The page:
The Deadliest Month
But the Russian forces suffered heavy losses in weapon systems too. Indeed, during March, the Russian military and Wagner Group mercenaries lost 343 armored personnel carriers and infantry fighting vehicles, 290 artillery pieces, 271 miscellaneous vehicles and fuel tanks, 221 tanks, 198 tactical unmanned aerial systems, 66 special equipment systems, 48 multiple launch rocket systems (MLRS), 38 ballistic and cruise missiles, 32 air defense systems, six fighter or attack jets, and three attack or transport helicopters.
These number contains both Russian military and Wagner Group private military company losses. The numbers are coming from the Ukrainian Ministry of Defense, and they have been fairly on par with Western intelligence assessments of Russian casualties.
In total, the Ukrainian Ministry of Defense assesses that the Russian forces have lost more than 182,000 troops killed or wounded. Conversely, the latest Western intelligence estimates suggest that the Russian forces have lost more than 220,000 men.
More concerning for Moscow is the fact that there has been an upward trend in the number of Russian casualties over the past five months.
The Deadliest Month Until the Next?
The upward trend in Russian casualties continues.
Since November, the Russian forces have been suffering increasingly more casualties with each passing month. In November, the Russian forces lost 16,400 men killed or wounded. In December, they lost more than 16,500 men killed or wounded. In the first month of the year, they lost about 20,200 killed or wounded. Then, in February, the Russian forces lost more than 21,500 men killed or wounded. With the 24,100 losses of March, the steady, grim increase in Russian losses continues. But it looks like this will stop in April.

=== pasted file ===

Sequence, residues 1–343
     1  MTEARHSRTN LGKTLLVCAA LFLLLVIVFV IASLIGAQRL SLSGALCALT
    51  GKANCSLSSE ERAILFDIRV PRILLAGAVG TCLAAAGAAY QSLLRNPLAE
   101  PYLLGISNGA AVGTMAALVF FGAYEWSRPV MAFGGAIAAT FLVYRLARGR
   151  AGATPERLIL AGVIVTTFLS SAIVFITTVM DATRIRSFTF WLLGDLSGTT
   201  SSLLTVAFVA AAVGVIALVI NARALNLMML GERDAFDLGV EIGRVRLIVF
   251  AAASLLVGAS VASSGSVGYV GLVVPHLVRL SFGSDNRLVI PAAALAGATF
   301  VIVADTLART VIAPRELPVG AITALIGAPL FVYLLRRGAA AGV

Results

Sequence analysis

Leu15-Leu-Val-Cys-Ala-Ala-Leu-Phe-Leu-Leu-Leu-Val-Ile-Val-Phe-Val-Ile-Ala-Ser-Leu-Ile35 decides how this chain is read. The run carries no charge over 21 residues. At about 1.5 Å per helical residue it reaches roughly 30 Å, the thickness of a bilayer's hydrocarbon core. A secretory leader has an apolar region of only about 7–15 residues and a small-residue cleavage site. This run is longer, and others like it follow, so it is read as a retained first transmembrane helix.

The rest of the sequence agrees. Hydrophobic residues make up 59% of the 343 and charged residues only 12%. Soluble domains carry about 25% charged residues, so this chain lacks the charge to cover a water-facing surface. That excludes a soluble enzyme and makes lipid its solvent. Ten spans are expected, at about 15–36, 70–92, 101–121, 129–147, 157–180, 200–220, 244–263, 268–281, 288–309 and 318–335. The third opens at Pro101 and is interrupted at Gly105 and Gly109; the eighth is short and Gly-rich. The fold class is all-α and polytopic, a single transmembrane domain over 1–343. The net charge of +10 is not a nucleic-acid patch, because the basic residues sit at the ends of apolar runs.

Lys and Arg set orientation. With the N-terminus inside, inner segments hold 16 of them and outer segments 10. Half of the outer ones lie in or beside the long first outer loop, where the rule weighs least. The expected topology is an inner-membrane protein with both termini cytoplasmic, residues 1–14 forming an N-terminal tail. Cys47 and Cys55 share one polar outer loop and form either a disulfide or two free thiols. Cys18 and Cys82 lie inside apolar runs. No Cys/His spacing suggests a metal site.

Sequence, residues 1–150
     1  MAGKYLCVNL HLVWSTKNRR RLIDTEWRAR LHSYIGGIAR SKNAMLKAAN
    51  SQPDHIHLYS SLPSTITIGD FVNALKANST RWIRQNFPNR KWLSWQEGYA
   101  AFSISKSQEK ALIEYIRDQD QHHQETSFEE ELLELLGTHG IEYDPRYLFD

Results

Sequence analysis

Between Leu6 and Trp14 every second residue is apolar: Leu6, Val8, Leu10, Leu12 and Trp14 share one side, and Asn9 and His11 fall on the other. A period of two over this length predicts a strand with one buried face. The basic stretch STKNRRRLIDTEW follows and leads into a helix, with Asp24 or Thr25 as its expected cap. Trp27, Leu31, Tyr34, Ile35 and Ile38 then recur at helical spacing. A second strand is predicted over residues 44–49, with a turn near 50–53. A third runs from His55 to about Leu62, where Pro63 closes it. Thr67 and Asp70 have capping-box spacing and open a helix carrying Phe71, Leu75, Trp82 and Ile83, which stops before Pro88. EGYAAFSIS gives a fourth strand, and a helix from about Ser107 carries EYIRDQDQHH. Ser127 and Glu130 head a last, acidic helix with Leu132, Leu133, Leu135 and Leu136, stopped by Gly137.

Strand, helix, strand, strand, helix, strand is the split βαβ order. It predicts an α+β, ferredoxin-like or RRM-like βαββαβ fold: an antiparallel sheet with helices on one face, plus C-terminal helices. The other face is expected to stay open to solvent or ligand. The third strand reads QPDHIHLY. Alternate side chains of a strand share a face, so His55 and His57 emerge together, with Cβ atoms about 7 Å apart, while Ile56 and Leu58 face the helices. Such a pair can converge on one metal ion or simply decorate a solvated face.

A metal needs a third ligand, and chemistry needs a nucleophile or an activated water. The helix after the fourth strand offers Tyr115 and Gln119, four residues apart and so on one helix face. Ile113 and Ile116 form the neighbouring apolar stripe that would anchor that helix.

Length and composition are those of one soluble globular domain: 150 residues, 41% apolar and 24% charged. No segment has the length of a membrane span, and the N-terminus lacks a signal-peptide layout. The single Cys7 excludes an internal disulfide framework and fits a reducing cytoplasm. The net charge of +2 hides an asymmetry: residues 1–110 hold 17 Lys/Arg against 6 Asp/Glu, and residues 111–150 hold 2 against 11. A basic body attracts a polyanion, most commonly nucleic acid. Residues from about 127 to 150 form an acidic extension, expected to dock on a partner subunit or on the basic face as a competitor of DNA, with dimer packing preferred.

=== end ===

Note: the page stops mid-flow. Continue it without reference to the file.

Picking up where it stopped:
In the last couple of weeks, the rate of Russian casualties has slowed down significantly. Whereas in March the Russian forces were taking more than 700 casualties on most days—with several days producing losses upwards of 1,000 troops—in April the situation is different.
Now, the Russian forces are averaging about 400 to 500 killed and wounded troops a day. The drop in casualties is a result of the failing large-scale Russian offensive in the Donbas. In recent days, the Russian forces have re-energized their assault against the town of Bakhmut. This will likely spike the number of Russian casualties, but it is unlikely that April will prove a deadlier month than March.
The Russian forces are stuck in Ukraine. For the past two months, the Russian military and Wagner Group private military company have been trying to achieve some meaningful progress. However, other than capturing some small settlements and a few miles of territory, the Russian forces have failed to accomplish any of the primary objectives given out by the Kremlin.
A 19FortyFive Defense and National Security Columnist, Stavros Atlamazoglou is a seasoned defense journalist specializing in special operations, a Hellenic Army veteran (national service with the 575th Marine Battalion and Army HQ), and a Johns Hopkins University graduate. His work has been featured in Business Insider, Sandboxx, and SOFREP.